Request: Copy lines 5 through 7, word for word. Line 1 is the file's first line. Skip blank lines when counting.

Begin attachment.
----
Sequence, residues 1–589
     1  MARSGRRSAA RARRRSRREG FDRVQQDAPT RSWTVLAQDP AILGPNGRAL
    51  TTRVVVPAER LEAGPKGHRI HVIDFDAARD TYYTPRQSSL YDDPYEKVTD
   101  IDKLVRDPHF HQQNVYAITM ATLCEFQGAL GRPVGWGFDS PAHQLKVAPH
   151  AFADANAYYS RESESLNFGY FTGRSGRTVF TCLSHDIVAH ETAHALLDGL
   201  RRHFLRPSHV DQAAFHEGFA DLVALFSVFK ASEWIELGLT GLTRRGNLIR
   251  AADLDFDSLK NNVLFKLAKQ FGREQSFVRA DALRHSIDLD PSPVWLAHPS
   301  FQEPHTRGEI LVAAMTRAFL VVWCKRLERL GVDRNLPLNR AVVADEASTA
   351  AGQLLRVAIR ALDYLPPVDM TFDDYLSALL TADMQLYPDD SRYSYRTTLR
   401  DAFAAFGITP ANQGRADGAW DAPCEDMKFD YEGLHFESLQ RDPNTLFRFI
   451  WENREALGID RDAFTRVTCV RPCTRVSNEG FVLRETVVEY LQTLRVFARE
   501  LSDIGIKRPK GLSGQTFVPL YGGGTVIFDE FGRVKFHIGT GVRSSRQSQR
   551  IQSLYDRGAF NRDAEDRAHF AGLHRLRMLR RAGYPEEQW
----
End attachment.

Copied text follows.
   151  AFADANAYYS RESESLNFGY FTGRSGRTVF TCLSHDIVAH ETAHALLDGL
   201  RRHFLRPSHV DQAAFHEGFA DLVALFSVFK ASEWIELGLT GLTRRGNLIR
   251  AADLDFDSLK NNVLFKLAKQ FGREQSFVRA DALRHSIDLD PSPVWLAHPS